The Ideals of the Declaration of Independece: Which is Most Important?
Overview: In a recent survey conducted by the National Archives, the Declaration of Independence topped all others to emerge as the "most influential document in American history." Many Americans think of the Declaration as a symbol of the independence from Great Britain that we celebrate on July 4th. While it is certainly that, the Declaration is also a statement of our nation's main beliefs about government and its relationship to the people. These beliefs have been the centerpiece of American history for more than 230 years. All the ideas are important, but which is most important? That is the question asked by this Mini-Q.
Document A: Equality
Document B: Right to Life, Liberty, and the Pursuit of Happiness
Document C: Consent of the Governed
Document D: Alter or Abolish Government
The Background Essay
History and Structure of the Declaration- By early summer 1776 the Revolutionary War was already a year old. The Continental Congress meeting in Philadelphia had appointed a Committee of Five to write a statement explaining the colonists' arguments for independence from Great Britain. The Committee of Five asked one of its members, 33-year-old Thomas Jefferson, to take on the job of writing the first draft. After Jefferson prepared the draft, John Adams and Benjamin Franklin suggested some changes. The Committee approved the revised draft, and it was delivered to the Congress. Between July 2 and July 4, the Congress made other changes, but the structure and powerful words of the document are still his.
In the end the Declaration would not only shape the government and cultrue of the United States; it would shape the thinking of the world.
The Declaration has a simple structure:
• An introduction saying that we owe the world an explanation for our separation; • A statement of ideals about government;
• A long list of grievances against the British;
• A declaration of independence from Great Britain.
It is the second paragraph of the Declaration — the statement of ideals — that will be our focus in this Mini-Q. In this paragraph, Jefferson said:
"We hold these truths to be self-evident, that all men are created equal, that they are endowed by their Creator with certain unalienable rights, that among these are Life, Liberty and the pursuit of Happiness. — That to secure these rights, Governments are instituted among Men, deriving their just powers from the consent of the governed. — That whenever any Form of Government becomes destructive of these ends, it is the Right of the People to alter or
to abolish it."
Many historians would argue that this is the most important passage in the most important document in American history. Historians also agree that the exact meaning of key words and phrases is open to interpretation. For example,
in the first line Jefferson writes, "all men are created equal." What did he mean by "men"? What did he mean buy "equal"? And later in the same sentence what did he mean by by "Life"? Was he against taking a life and,therefore against warfare? And but the structure and powerfulwhat did he mean by "Liberty?" Was he against slavery even his.though he owned slaves? Indeed this passage in the Declaration is noth powerful and open to interpretation.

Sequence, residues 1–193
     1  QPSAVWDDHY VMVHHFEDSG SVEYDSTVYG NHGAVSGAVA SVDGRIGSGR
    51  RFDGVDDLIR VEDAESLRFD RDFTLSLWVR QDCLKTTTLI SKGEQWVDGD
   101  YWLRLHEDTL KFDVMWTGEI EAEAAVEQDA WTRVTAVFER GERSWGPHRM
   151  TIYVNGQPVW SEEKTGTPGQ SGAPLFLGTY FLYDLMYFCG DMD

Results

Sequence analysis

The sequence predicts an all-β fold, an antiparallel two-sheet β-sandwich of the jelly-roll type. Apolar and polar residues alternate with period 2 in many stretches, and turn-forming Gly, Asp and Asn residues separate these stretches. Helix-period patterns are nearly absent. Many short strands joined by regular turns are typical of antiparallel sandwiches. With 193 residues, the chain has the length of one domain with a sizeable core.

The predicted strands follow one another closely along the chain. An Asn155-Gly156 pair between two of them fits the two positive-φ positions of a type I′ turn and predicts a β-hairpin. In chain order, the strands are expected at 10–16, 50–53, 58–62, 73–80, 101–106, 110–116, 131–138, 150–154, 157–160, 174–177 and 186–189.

Regardless of one's interpretation, these ideas provide the basis for our Constitution and government. They represent American ideals — that is, they reflect the full vision of what America should be. They are worthy of close inspection.
Consider the four key ideals expressed in the Declaration of Independence — equality, unalienable rights, consent of the governed, and the right to alter or abolish government. Then write an essay which explains why three of these ideals are important to society, and why the fourth ideal is most important of all.
What are the four parts of the Declaration of Independence?
Why is the second paragraph seen as such an important part of the Declaration?
According to the Declaration of Independence, what is the purpose of government?
1. Who was the primary author of the Declaration of Independence?
Document A: Equality
We hold these truths to be self-evident, that all men are created equal
Source: Declaration of Sentiments, Women's Rights Convention, Seneca Falls, NY, 1848.
Note: In July 1848, approximately 260 women and 40 men met in Seneca Falls, New York, for one of the first women's rights conventions. The convention adopted a "Declaration of Sentiments."
. . . We hold these truths to be self-evident: that all men and women are created equal; that they are endowed by their Creator with certain inalienable rights; that among these are life, liberty, and the pursuit of happiness; that to secure these rights governments are instituted, deriving their just powers from the consent of the governed.
Source: Diana Pham, Chicago, IL, July 2012.
Note: Diana Pham and her husband, Vi Luu, arrived in Chicago in 1980 from refugee camps in Indonesia and Malaysia. Diana was recently asked what she appreciated most about her new country.
As immigrant boat people from communist Vietnam, we appreciate the opportunity given to us to build our lives in the United States. Our two daughters are just finishing their university education at Stanford and Michigan which would never have been possible without this country's belief in equality. My daughters, like other Americans, had an equal opportunity to succeed. America has given our family the chance to become whatever we choose to become.
Which of the 4 beliefs is highlighted in the document?
Right to Life, Liberty and Happiness
Consent of the Governed
Alter of Abolish Government
What do you think Equality meant to most Americans in 1776?
What does "equality" mean to Diana Pham?
Document B: Right to Life, Liberty and the Pursuit of Happiness
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